Today, the world’s largest carbon capture and storage project was launched at a coal-fired power plant in Canada. The project is being closely watched, as it’s expected to reduce the plants carbon emissions by 90 percent.
The CCS unit is at the Boundary Dam power plant in Estevan, Saskatchewan and was formally commissioned after a 4-year, $1.21 billion retrofit. According to the CCS’s installer, SaskPower, the unit is designed to reduce 1 million tons of the annual carbon dioxide emissions from the dam when it reaches full operating capacity later this year.
The majority of the carbon will be purchased by Cenovus Energy Inc., Canada’s second largest oil and gas producer. It will then in turn be used for enhanced oil recovery.
There are a lot of eyes trained on the project and various governments and industries are waiting to see if the project is a success.
There are plenty of voices already calling the project a success, as it’s being viewed as a way for companies reliant on fossil fuel generation a cleaner way to do business. Some are also viewing it as a working example of why they should invest in CCS technology.
“Finally, people cannot say that this is unproven technology,” Frederic Hauge, head of Norwegian environmental group Bellona, said. “It will be much harder to reach climate targets without CCS. We shouldn't take the chance that we can combat global warming without CCS.”
Maria van der Hoeven, executive director of the International Energy Agency, believes that this is answer the industry has been looking for.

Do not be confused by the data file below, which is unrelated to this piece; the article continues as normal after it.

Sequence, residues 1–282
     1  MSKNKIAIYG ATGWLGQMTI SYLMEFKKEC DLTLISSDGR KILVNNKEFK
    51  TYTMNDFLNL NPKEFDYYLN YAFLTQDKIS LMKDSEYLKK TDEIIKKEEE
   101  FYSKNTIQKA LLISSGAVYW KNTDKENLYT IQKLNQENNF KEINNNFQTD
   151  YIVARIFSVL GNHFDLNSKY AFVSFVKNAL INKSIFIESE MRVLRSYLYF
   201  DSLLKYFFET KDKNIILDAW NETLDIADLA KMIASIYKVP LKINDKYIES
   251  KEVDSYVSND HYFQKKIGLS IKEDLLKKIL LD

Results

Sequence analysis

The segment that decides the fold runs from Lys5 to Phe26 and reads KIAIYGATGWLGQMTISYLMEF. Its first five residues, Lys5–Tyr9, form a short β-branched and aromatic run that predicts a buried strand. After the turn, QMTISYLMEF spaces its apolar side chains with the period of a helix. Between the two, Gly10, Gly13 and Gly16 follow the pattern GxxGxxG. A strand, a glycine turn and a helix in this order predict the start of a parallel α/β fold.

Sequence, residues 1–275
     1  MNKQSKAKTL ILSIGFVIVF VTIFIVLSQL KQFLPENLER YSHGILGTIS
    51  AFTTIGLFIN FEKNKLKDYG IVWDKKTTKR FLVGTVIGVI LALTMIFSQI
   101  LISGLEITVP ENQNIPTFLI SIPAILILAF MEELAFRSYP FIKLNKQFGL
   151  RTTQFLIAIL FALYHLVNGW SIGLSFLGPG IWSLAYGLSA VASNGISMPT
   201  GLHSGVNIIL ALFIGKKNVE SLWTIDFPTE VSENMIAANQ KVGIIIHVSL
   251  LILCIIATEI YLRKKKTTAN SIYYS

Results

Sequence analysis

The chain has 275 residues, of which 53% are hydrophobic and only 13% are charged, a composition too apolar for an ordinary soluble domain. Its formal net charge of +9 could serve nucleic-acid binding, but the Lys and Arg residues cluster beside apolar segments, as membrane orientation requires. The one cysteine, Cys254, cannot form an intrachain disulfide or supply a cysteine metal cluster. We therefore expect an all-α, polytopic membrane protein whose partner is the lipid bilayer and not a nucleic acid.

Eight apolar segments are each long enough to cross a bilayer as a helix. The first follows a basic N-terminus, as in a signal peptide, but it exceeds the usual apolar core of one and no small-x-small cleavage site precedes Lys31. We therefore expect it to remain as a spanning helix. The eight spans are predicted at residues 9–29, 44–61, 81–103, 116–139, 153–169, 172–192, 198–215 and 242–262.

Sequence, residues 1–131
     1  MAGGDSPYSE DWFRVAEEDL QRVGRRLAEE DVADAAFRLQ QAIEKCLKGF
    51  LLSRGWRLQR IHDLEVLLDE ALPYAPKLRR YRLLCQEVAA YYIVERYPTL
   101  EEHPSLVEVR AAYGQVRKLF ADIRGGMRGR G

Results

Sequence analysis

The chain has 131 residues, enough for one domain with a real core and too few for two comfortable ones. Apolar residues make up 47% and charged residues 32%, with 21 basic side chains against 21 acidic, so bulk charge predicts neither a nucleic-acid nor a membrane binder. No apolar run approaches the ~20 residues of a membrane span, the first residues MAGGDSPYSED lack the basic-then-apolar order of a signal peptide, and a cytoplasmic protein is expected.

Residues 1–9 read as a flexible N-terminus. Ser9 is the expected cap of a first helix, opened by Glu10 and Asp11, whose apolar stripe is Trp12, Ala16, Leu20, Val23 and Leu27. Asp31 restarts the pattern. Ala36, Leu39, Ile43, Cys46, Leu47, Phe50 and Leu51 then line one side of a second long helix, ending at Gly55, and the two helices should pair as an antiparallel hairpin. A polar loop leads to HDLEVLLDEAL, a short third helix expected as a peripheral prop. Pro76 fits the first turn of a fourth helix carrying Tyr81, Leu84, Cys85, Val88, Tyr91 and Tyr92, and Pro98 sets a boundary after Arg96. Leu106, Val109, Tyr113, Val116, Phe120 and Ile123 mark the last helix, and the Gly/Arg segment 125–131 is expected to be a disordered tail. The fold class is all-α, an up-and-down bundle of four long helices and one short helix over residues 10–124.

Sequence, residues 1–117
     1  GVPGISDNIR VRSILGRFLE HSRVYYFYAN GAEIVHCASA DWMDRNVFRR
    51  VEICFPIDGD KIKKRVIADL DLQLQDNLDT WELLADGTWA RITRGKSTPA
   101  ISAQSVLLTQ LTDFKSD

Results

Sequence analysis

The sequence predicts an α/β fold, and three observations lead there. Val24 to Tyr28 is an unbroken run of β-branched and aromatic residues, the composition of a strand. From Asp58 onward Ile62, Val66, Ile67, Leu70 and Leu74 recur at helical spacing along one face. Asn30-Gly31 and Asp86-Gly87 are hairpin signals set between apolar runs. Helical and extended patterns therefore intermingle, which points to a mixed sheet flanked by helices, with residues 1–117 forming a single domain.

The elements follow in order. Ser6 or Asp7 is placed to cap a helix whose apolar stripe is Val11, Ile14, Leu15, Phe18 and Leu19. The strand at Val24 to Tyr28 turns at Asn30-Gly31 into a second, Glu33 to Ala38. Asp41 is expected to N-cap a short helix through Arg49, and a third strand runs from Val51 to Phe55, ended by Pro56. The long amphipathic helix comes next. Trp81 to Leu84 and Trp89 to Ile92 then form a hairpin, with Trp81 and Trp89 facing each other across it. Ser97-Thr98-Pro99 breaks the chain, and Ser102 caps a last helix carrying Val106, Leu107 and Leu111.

“CCS is the only known technology that will enable us to continue to use fossil fuels and also de-carbonize the energy sector,” she said. “As fossil fuel consumption is expected to continue for decades, deployment of CCS is essential.”
Of course, not everyone is so convinced it’s the right solution.
The Sierra Club of Canada is critical of the usage of carbon captured for enhanced oil recovery.
“It's a propaganda move to appear to be taking action on climate change when in reality it is actually furthering the interests of oil,” John Bennett, Sierra Club Canada Executive Director, said.
Beyond environmental concerns, there are those who are worried about the high costs of a CCS being a barrier to their further implementation.
“Boundary Dam Unit #3 [the plant fitted with the CCS] has cost much more than the U.S. $350 million typical for an advanced coal-fired plant of its size, according to the U.S. Energy Information Administration,” John Kemp, market analyst at Reuters, writes. “First-of-a-kind (FOAK) systems are always expensive, but widespread commercial deployment will depend on getting CCS costs down by harnessing what is learned from such projects.”
And that, of course, is exactly what SaskPower is hoping for.
“Carbon capture and storage technology is still being researched and perfected,” Tyler Hopson, a SaskPower spokesman, said in an e-mail to Bloomberg. “SaskPower has already learned from our experience at Boundary Dam Power Station and we can safely say that we could build a second carbon capture project on a coal plant for less.”
When and where that happens remains to be seen.